"China's Military Is a Growing Threat."
Not yet. After two decades of massive military spending to modernize its armed forces, amounting to hundreds of billions of dollars, China increasingly has the ability to challenge the United States in its region, if not yet outside it. But the ability to project force tells us very little about China's willingness to use it.
Certainly, China has made moves over the last few years that have stoked the China-is-a-dangerous-threat crowd in Washington. In 2007, for instance, Beijing launched a missile that obliterated a communications satellite -- a dramatic and unexpected display of capability -- and then kept mum for 12 days before a Foreign Ministry spokesperson finally admitted it took place, stating: "This test was not directed at any country and does not constitute a threat to any country." In May 2008, satellite imagery revealed that China had constructed a massive subterranean naval base on the southern island of Hainan, presumably a staging point to launch naval operations into the Pacific. This January, China conducted another anti-missile test, shortly after the United States announced arms sales to Taiwan.
Similar developments have reliably shown up in annual Pentagon reports on China's military expansion, not to mention in articles such as Robert Kaplan's alarmist 2005 essay: "How We Would Fight China." Even Robert Gates, the mild-mannered U.S. defense secretary, warned last year that China's military modernization "could threaten America's primary means of projecting power and helping allies in the Pacific: our bases, air and sea assets, and the networks that support them." Last fall, Adm. Robert Willard, the new head of the U.S. Pacific Command, noted that "in the past decade or so, China has exceeded most of our intelligence estimates of their military capability," implying that maybe the alarmists are onto something.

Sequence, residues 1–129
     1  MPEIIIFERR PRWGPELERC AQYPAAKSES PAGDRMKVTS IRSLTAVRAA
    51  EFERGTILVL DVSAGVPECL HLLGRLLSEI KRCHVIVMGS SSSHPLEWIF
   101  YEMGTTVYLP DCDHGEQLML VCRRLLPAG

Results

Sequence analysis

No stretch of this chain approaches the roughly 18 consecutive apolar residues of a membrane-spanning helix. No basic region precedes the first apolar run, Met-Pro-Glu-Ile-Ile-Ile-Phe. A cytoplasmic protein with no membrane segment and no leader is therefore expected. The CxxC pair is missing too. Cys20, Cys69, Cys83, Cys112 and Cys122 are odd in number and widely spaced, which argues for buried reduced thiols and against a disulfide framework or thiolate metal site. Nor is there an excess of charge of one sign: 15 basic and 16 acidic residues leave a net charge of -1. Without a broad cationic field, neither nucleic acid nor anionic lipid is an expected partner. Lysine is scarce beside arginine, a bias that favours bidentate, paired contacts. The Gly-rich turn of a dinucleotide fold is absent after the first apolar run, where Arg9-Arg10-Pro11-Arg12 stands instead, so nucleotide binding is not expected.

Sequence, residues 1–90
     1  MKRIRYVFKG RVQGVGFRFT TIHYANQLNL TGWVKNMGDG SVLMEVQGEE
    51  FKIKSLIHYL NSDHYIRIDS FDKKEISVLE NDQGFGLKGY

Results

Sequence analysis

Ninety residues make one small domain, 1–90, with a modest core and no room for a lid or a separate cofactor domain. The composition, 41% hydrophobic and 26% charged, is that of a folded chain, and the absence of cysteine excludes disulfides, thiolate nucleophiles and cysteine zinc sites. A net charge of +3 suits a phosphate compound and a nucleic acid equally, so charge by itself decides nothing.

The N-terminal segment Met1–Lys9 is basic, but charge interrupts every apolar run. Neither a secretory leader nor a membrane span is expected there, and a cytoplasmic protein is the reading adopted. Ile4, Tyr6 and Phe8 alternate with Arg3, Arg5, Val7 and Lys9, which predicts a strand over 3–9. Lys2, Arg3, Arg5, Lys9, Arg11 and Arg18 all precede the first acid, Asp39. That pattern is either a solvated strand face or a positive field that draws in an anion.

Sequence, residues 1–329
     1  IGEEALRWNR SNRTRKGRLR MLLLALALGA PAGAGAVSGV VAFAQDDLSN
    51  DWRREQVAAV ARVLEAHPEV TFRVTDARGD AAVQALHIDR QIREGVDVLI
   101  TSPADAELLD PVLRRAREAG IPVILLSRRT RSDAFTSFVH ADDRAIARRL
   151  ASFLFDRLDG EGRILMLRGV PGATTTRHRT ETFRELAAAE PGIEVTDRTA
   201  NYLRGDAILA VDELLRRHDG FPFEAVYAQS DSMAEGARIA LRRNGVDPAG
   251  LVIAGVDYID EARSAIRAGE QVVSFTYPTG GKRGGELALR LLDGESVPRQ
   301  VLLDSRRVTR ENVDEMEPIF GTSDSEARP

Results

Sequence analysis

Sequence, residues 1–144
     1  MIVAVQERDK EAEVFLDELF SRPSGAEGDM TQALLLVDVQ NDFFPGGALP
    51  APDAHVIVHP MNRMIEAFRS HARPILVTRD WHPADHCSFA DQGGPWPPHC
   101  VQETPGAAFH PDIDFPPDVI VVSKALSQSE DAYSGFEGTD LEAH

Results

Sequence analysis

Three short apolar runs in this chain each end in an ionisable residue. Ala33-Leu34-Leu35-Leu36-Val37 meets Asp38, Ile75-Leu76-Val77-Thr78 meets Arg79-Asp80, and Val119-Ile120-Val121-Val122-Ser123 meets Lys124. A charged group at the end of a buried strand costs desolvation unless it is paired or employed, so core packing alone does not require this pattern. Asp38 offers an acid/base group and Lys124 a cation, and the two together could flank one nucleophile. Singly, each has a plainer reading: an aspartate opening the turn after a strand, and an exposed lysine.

At the same time, China's leaders vehemently denounce any suggestion that they are embarked on anything other than what they have referred to as a "peaceful rise" and haven't engaged in major external hostilities since the 1979 war with Vietnam. But they also don't explain why they are investing so heavily in this new arms race. Beijing's official line is that it wants to be able to defend itself against foreign aggression and catch up with the West, as it was famously unable to do in the 19th century.
When the late Chinese leader Deng Xiaoping began the process of reform and opening in 1979, he decided that bolstering the civilian economy would take precedence over military investments. But a dozen years later, the first Gulf War served as a wake-up call in Beijing, raising concerns about how quickly an inferior army could be demolished by better-equipped Western forces. In 1991, the Pentagon unleashed some of its most advanced weapons -- including stealth technology and precision-guided munitions -- against the Iraqi Army, the world's fourth largest at the time. U.S. and allied forces made short work of Iraq's Warsaw Pact military hardware, and the Chinese were duly shocked and awed.
It became immediately clear that Mao Zedong's doctrine of "human wave attacks" -- having more soldiers than your enemy has bullets -- would not meet China's defense needs in the 21st century. From the early 1990s, China's defense planners began intensively studying doctrine and sought to acquire superior foreign technologies for their People's Liberation Army (PLA). They also made a major strategic shift by cutting the size of their force to emphasize new technologies that would enable them to catch up with the United States and other possible foes.
Should the rest of the world be worried? Taiwan, long claimed as Chinese territory and well within range of Chinese ballistic missiles and conventional forces, certainly has cause to feel threatened. Even as cross-strait relations have warmed in recent years, Beijing has positioned more medium-range missiles facing Taiwan than ever. When asked why, Beijing demurs. India, Asia's other would-be superpower, also seems increasingly on edge. Last September, Indian analysts and media loudly worried over the publication of an article by Chinese analyst Li Qiulin in a prominent Communist Party organ that urged the PLA to bolster its ability to project force in South Asia.
But it's probably too soon for Americans to panic. Many experts who've looked closely at the matter agree that China today simply does not have the military capability to challenge the United States in the Pacific, though its modernization program has increased its ability to engage the United States close to Chinese shores. And the U.S. military is still, for all its troubles in Iraq and Afghanistan, the most capable fighting force on the planet.